These variations in popular headline phrases speak to the demographic differences in each platform. Understanding your audience and industry is key to creating a headline that people can’t help but click.
Because people react in different ways depending on the platform, you may know exactly how to craft a headline that attracts shares on Pinterest, but the same may not work so well on Facebook.
It’s also important to note that everything from headline phrases to optimum word count differ for B2B and B2C companies.
This brings me to my next point…
The Optimum Length for a Headline
Is there really a magic length for a headline that help drive more engagement? Does it really make much of a difference?
As it happens, yes there is, and yes it does.
Some experts argue that the best headlines are the ones that are short, sweet and to the point, while others have testified that longer headlines, as many as 18 words, drive the most engagement.
Buzzsumo decided to put all these assumptions to the test with their study on 100 million headlines. In the articles they analyzed, they checked for the number of words in the headlines and cross-referenced them to the average number of Facebook engagements.
Here’s what they found:
The graph shows that headlines between 12 and 18 words produce the highest level of engagement, on average. This may sound like a lot, but a phrase this long really helps you get your point across.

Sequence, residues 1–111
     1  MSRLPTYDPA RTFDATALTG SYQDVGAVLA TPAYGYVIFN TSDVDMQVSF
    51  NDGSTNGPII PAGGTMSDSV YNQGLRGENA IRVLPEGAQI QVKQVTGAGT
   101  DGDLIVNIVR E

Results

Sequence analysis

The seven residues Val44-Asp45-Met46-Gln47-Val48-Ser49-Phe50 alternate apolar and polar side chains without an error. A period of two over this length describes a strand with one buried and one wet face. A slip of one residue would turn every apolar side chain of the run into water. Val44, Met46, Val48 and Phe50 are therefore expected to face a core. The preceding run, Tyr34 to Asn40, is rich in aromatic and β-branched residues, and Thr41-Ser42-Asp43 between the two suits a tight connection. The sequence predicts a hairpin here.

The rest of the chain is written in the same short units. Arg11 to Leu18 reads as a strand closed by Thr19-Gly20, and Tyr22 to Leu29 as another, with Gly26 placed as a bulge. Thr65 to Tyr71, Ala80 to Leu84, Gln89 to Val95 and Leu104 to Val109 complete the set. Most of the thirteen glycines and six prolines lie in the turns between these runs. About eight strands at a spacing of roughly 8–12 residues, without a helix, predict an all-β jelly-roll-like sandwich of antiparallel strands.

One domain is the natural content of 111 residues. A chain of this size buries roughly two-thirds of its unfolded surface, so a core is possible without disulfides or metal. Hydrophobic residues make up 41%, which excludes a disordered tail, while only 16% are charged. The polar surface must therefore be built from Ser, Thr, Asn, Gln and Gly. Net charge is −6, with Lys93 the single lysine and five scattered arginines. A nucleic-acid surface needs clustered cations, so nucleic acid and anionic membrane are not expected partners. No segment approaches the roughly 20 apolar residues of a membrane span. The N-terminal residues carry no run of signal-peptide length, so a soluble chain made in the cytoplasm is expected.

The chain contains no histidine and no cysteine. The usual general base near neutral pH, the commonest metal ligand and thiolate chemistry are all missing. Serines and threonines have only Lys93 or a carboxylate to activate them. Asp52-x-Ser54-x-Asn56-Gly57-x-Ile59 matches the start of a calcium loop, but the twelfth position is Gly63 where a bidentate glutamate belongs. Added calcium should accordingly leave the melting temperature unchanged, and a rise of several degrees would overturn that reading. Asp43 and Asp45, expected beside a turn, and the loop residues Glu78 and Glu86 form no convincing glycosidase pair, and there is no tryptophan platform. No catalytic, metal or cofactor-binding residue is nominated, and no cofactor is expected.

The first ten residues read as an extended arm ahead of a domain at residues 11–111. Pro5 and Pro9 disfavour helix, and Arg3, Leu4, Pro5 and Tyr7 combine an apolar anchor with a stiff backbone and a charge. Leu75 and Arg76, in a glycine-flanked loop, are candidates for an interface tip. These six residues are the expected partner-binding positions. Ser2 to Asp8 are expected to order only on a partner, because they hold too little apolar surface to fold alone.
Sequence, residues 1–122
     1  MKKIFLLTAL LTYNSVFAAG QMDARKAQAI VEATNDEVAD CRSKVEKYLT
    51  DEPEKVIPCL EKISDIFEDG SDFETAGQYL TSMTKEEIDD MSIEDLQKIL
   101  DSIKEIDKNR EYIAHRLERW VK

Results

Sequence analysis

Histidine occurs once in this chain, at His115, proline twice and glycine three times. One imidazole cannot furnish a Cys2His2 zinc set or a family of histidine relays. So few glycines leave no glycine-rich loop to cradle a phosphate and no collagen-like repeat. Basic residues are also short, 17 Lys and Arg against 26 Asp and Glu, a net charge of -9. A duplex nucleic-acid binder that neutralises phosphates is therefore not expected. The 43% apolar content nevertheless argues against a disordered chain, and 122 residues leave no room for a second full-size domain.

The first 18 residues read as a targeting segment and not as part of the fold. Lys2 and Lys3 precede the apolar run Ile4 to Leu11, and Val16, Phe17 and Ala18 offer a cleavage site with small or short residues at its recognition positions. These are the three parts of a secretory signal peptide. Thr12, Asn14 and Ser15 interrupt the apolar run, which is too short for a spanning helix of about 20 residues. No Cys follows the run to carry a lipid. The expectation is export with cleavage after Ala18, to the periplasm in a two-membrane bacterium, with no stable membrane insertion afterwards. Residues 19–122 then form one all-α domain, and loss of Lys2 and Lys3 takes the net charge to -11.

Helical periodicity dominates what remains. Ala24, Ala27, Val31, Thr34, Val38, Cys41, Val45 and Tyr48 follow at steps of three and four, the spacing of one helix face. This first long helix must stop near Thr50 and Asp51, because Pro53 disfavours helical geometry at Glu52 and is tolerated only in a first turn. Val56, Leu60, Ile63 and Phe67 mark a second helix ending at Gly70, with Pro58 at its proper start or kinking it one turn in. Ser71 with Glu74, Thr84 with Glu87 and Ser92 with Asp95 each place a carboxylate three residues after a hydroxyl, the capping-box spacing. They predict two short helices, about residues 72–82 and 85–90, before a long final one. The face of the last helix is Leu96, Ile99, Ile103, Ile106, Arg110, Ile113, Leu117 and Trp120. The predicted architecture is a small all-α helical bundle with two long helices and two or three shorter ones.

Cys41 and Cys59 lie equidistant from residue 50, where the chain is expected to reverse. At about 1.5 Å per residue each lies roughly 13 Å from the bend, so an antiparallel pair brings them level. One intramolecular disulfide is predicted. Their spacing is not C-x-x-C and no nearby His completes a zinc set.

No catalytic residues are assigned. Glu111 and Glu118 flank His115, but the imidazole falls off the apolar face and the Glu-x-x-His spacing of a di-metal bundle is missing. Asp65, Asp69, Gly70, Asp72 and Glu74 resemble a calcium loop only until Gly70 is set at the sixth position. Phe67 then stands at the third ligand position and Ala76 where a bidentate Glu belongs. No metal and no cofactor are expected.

Some examples include:
- Financial Freedom: How to Create Long-Term Wealth in the Short-Term (12 words)
- A Quick-Start Guide to Video Content: Become Confident on Camera in 5 Steps (14 words)
- 2 Harsh Lessons I’ve Learned from Starting an Online Business (and Failing) (12 words)
Examples of Amazing Headlines
There’s no better way to learn how to craft hero headlines than to see what has worked really well already. Stealing is a great formula for success – not in an unethical way that encourages plagiarism, but in a way that involves absorbing the key concepts and adding your own unique twist!
Here are some examples to inspire you.
This post is one the most highly shared pieces of content on Upworthy, receiving almost 830,000 shares in total, according to the link analysis tool, Ahrefs.
The headline uses the “X years” ending format which is the second most-popular Facebook headline ending by average user engagement. It also starts with a verb and invokes curiosity with an intriguing point.
This infographic caters to all the food lovers out there, and received over 66,000 social shares:
It’s no surprise that the vast majority of shares came from Pinterest, as this is where infographics thrive, especially in the food niche.